But even if authorities had not initially singled the women out for their feminist activities, once they were under investigation, those activities could have made them a target, said Lu Pin, a Chinese feminist activist who now lives in the United States, having faced harassment at home.

“The Chinese government has to look for an explanation that fits their logic, and they don’t believe that people organize on their own, according to their own political feeling. There must be a ‘black hand,’” Lu said. “In China, feminism is the last active, visible social movement.”

The protest in Beijing on Nov. 27 began as a candlelight vigil for at least 10 people who died in an apartment fire in the far-western region of Xinjiang in November. Many Chinese believed that COVID restrictions had prevented the victims from escaping, although the government denied that.

The women had attended out of grief, Cao, the editor, said in her video.


“We have legitimate emotions to express when our compatriots are killed. We are full of sympathy for those who lost their lives — that is why we went,” Cao said.

That night, Beijing police were relatively restrained, even as the vigil turned into a street protest calling for an end to “zero-COVID” and greater political freedoms. Officers filmed participants but did not aggressively detain people on-site.

One official, witnessed by a Times reporter, told protesters that he also mourned for those who had died in the fire. Another reminded marchers, “No one has touched you.”

But that soon changed. In the days afterward, people who had attended protests in Beijing and other cities described being summoned or visited at home by officers, who asked why they had gone to the demonstrations, and with whom. Some were told their phone location data had been used to track them down. China’s ambassador to France, Lu Shaye, called the protesters pawns of “foreign forces,” then refused to give evidence for that when asked by reporters.

A similar theme may have emerged in the police interrogations of the four women, according to the people familiar with their cases. Police asked about the women’s book clubs, where they had read Chizuko Ueno, a prominent Japanese feminist scholar. They pointed to their use of Telegram, the messaging app, which is blocked in China without special software. At least some of the women had studied overseas.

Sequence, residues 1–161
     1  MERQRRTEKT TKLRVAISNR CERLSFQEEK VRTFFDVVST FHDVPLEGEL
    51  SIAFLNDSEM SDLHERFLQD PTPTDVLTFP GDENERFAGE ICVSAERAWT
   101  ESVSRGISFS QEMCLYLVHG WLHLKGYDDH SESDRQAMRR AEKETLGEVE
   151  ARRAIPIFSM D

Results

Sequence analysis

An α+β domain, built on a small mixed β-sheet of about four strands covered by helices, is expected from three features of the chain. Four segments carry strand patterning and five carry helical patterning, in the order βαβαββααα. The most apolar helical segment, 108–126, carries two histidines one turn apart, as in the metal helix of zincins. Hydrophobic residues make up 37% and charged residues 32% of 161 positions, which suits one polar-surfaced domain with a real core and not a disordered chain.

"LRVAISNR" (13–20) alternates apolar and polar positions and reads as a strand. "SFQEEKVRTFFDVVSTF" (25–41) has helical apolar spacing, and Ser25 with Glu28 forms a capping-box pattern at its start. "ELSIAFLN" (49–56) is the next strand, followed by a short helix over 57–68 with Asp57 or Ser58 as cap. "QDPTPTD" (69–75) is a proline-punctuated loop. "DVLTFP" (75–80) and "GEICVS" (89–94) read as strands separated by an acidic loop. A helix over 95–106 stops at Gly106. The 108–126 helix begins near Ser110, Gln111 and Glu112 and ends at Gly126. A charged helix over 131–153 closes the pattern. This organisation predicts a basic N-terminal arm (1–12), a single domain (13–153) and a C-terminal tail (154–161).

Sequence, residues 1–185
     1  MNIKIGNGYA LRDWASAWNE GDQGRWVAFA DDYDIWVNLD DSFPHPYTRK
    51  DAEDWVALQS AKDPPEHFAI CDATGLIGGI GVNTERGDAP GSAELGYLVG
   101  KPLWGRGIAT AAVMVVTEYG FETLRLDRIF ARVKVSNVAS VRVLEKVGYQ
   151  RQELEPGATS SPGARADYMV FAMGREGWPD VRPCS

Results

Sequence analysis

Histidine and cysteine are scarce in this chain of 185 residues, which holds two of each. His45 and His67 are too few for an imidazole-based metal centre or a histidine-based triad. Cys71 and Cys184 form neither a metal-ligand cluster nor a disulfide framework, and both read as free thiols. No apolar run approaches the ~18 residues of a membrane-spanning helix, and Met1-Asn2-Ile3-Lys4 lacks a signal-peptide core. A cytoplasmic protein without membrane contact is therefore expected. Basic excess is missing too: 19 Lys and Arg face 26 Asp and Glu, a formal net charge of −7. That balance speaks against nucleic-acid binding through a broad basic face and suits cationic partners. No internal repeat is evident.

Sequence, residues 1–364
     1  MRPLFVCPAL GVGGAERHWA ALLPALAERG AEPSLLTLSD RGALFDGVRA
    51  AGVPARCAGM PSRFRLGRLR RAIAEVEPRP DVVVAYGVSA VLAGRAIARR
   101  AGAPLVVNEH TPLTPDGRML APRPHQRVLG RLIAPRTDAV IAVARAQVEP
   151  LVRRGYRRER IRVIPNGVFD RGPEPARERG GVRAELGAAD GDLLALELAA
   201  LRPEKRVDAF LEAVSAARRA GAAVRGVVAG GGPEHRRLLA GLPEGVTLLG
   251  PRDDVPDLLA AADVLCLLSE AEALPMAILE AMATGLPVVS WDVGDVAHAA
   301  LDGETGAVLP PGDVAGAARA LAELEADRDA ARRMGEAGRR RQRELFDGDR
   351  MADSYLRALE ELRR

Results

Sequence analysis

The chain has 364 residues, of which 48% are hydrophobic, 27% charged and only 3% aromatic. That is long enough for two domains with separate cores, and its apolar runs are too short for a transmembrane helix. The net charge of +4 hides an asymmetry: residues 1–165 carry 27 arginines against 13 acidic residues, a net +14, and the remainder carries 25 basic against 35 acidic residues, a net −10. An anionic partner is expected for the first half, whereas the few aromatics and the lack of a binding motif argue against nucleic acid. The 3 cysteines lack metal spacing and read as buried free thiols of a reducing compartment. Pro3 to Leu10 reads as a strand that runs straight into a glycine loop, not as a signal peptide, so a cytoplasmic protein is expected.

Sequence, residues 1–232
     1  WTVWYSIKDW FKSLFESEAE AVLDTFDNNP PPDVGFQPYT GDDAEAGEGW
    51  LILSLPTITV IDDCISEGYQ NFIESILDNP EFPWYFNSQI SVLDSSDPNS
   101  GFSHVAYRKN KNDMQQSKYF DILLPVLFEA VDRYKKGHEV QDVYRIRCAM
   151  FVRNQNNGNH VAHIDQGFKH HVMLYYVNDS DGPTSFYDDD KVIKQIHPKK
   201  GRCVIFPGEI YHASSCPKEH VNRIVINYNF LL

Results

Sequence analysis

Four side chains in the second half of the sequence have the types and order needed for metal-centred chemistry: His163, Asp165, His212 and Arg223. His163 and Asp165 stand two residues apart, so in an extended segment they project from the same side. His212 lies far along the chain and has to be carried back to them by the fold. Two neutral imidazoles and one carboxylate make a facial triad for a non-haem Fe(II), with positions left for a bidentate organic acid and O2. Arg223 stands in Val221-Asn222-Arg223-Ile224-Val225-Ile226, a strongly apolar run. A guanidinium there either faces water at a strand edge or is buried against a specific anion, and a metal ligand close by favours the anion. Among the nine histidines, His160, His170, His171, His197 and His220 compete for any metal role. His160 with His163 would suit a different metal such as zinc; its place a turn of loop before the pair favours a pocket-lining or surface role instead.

Police have accused the women of “picking quarrels and provoking trouble,” the people familiar with the cases said — a vague crime that authorities often charge critics with to silence them. It is punishable by up to five years’ imprisonment.


Reached by telephone, an official with the Beijing public security bureau said that no one would be available for comment until after the weeklong Lunar New Year holiday.

Lu, the feminist activist in the United States, said the police’s evident focus on people who were not prominent organizers, or even apparently part of any larger group, underscored how authorities had decimated civil society.

“After all the repression, in the eyes of the police, these people have become the most threatening forces,” she said. “These communities that normally would not be considered political — people eating together, watching movies, talking about art — at key times, these can have the potential for political activation.” The authorities’ primary motivation in moving forward with the cases is probably not suppressing these women in particular, but more generally warning others who might have drawn inspiration from the demonstrations.

While there have been no large-scale repeats of the politically charged protests late last year, sporadic demonstrations on more discrete issues have continued in recent weeks. The government’s about-face on “zero-COVID” has led pandemic control workers to rally to demand unpaid wages. The soaring deaths and illness that have followed the sudden loosening could also stoke anger, said Steve Tsang, the director of the SOAS China Institute in London.

“In the long term, the damage to the reputation and legitimacy of both the party and Xi Jinping, I think, is significant,” Tsang said. And having seen that damage turn into political protest, he added, “intimidation is basically what is being done to make sure that it doesn’t come back.”